When you make a profit, are you taking 100% of the potential profit?
Are you sure?!
I would say to check when you make your next profit, but I’m here today to make sure you’re taking 100% of your available profits from here on out…
Don’t leave dollars on the table when they should be hitting your account!
To give you a better picture, I’ll put it like this:
We typically see profits coming from two different avenues in the investing world. We have investment income and capital gains.
As a technical analyst, I lean more towards capital gains, which may be what you think of when you picture typical investing in the stock market.
Your capital is the money you initially invest in a stock, therefore capital gains are the profits made if that stock goes up (assuming you sell it at a higher price than what you bought it at).
For today’s exercise, when I say investment income I’m strictly talking about dividends.
Dividends are what companies pay out to their shareholders, usually a percentage of the stock price for every share you own.
Many investors are attracted to this method of making money in the market, because you receive the money automatically when a company gives a dividend, as opposed to the profits from capital gains, which you only receive once you’ve managed to sell your shares.
Now I know this probably sounds complex, but you don’t need to try and figure out the why or how of it, you just need to listen to me.
To make it a little easier, let’s look at some examples.
While most companies that give out dividends provide very small yields such as a percent or two, some offer huge dividends.
One such example is Pioneer Natural Resources Co (PXD) which offers a staggering yield of 13.86%!
Now that number may seem significant, but it means absolutely nothing until you take a look at the chart for PXD.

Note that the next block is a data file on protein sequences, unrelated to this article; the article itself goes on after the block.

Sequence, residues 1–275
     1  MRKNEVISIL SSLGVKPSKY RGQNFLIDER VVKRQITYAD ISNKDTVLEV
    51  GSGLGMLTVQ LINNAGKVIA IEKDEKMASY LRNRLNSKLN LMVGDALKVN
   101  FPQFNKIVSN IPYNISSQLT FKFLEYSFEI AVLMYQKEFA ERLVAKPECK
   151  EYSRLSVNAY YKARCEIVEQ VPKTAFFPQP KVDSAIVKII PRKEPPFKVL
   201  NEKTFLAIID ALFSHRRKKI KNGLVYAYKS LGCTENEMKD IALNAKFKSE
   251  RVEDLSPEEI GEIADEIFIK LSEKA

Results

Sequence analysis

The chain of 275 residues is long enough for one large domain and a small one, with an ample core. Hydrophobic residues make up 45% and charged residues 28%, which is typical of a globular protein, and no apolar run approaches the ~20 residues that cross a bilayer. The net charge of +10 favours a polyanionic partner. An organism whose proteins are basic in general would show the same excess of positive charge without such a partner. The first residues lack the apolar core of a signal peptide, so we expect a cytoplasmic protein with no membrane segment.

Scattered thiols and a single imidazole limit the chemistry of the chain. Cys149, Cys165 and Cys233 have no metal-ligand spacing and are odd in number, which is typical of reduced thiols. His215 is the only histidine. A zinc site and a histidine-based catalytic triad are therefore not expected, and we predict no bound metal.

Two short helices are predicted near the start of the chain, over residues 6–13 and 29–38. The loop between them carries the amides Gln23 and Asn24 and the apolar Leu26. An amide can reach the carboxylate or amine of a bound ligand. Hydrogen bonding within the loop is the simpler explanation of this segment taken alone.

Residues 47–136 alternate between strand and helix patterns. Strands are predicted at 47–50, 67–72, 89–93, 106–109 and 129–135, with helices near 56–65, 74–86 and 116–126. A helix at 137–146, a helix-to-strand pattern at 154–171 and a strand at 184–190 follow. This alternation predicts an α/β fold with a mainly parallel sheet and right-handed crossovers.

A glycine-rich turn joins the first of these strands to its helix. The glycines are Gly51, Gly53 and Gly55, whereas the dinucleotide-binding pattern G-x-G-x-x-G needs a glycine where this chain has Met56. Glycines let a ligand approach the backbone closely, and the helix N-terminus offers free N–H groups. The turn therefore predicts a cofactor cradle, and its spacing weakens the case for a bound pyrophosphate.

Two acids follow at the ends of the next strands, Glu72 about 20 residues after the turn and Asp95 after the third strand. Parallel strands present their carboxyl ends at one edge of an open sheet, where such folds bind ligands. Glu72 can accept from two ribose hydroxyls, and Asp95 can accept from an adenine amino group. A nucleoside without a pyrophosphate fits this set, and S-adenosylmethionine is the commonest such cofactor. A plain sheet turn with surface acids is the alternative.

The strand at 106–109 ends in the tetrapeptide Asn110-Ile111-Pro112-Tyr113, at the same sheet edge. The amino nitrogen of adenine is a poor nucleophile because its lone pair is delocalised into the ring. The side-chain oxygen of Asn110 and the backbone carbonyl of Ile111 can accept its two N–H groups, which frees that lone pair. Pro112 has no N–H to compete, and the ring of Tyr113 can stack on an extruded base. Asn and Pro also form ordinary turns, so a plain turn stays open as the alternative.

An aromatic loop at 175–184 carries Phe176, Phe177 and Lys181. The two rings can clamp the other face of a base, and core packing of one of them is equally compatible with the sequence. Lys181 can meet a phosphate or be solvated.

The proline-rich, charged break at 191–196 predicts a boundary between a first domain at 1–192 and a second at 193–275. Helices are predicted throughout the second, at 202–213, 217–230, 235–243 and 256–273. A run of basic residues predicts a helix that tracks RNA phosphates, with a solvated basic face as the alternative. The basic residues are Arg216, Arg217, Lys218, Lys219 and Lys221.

The chart is abysmal and has been sloppy for months now, meaning that percentage is decreasing as the stock price does.
Another example is Annaly Capital Management (NLY), offering a 17.31% yield which is far higher than any average yields.
The chart for NLY also looks dreadful, not necessarily because of how low it is, but because of how much it moves up and down day to day without making any progress ever.
That is not what makes for a lucrative stock.
While it can be tempting to invest in these income stocks that offer high dividends, you can’t be investing blindly.
Another big difference between investment income and capital gains is that investment income is determine by the company—they decide whether or not to reissue their dividends and how much to give.
Capital gains, on the other hand, come to you by way of the free market, and whether the stock goes up or down in price.
The company cannot control how much money you make, and they can’t prevent the money coming to you.
In a world where it can be hard to trust the Wall Street guys, not having to rely on them is always a good thing.
Something else to keep in mind is that capital gains are typically taxed lower than dividends. This is where leaving some of your profits on the table comes in.
Would you rather pay the Government ~25% or ~15%of your gain? I know which one I’d choose.